Of course there were noteworthy successes as well. First among these are the remarkable achievements of Deirdre Arscott who is now one of only two Canadians to have completed PBP four times (the other is Brian Leier from Manitoba). Deirdre is now also the first Canadian to have earned four Super 5000 pins. Three other BC riders (Ken Bonner, Keith Fraser, and Manfred Kuchenmuller) joined the select group of three-time PBP finishers.

You might not think that nationalist politics would play much of a role at PBP, but in fact they were very evident, and served to further complicate the subtle dynamics of paceline etiquette. Actually I received nothing but good will from the French riders with whom I rode, but this was always after it was discovered where I was from. "Vous êtes Canadien, pas Americain…C'est bon" is how one French rider bluntly expressed it. Anti-American sentiment was noticeably high amongst French riders. The consensus among non-French riders was that there were two reasons for this: Scott Dickson and Lance Armstrong.

The French riders themselves inspired hostility from just about every non-French rider I rode with. This was principally, I think, because they were so well supported. While we were all loaded down with tools, clothes, batteries, and food, sporting three-day stubble and jerseys that would make a skunk blush, many French riders carried only miniature tool and tube wedges, seemed always to be in clean (and colour coordinated) shorts and jerseys, and even seemed to be clean shaven. Is it possible, we wondered, that they were even shaving their legs at the controls? "I could dance up those hills too if I had to carry so little gear, and had a masseuse waiting for me at the next control" fumed one German rider.

And then sometimes the battles have more to do with personalities than nationalities. I watched one of Canada's fastest randonneurs, Michael Lau from Ottawa, engage in an uphill sprint with a Danish rider to the control at the hilltop town of Mortagne au Perche. They were playing out a feud that had apparently begun the night before. It was an exercise which had no strategic purpose for either rider - all of us spent the next 20 minutes over a relaxed brunch in the control cafeteria.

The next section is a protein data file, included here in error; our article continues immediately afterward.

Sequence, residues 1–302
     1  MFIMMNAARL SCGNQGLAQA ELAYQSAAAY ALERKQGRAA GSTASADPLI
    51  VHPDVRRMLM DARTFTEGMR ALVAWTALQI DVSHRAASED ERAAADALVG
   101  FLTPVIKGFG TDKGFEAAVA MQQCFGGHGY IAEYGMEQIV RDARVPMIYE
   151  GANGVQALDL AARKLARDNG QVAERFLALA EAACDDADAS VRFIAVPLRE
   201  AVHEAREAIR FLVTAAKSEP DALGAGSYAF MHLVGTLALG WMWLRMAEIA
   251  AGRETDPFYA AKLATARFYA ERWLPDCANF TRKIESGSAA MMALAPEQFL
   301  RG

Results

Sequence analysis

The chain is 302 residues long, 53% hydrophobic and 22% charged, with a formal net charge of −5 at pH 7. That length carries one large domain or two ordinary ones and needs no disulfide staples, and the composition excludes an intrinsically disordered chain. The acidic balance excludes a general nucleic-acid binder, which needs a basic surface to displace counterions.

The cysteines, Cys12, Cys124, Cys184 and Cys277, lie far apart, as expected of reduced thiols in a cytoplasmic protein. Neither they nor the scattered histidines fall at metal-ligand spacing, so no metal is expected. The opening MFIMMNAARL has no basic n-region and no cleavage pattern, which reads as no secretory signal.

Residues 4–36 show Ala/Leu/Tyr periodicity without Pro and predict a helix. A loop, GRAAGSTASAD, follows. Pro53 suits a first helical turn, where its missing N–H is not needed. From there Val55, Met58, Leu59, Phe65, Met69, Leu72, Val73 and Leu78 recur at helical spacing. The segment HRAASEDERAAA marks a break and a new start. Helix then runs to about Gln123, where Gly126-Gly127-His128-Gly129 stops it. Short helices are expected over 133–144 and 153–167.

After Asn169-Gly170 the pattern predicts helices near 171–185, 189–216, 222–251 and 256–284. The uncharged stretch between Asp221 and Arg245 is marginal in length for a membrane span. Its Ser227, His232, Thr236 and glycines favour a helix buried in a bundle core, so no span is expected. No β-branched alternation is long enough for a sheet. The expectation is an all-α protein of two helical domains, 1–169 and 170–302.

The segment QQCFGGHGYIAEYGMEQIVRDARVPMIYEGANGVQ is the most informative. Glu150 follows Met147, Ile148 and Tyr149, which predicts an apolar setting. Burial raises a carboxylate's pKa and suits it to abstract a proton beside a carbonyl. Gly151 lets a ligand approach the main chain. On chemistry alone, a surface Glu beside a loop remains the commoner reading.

But my strongest memory of PBP '99 was more personal. My 'PBP moment' happened on my final night as I was riding at a modest pace with a group of five French riders under a full moon so bright we barely needed our lights. My goal of a 60-hour PBP was already a forgotten dream, and my riding companions seemed just as content to enjoy the tranquillity of a relaxed ride on a perfect night.

It came on me pretty gradually, but the stomach virus that was to haunt me for the next ten days was taking hold. Later that night I found myself crouching at the roadside, slightly delirious, with an ache in the pit of my stomach and overwhelming nausea. No, I didn't feel so great. On the other hand, even then I realized that this was my 'PBP moment'. Philosophical reflections were churning in my head as violently as the undigested macaroni, rice, and tapioca in my stomach. Look how far I've come, I mused... look how far my bike has taken me. Could I have pictured myself here (in this ditch during Paris Brest Paris) ten years ago, as I was dusting off my old ten-speed and deciding to rekindle my interest in cycling? Finally my journey is complete, I thought, as I wiped something which may have been tapioca from my cycling shoes- finally, I'm a real cyclist.

© Copyright 1999, Eric Fergusson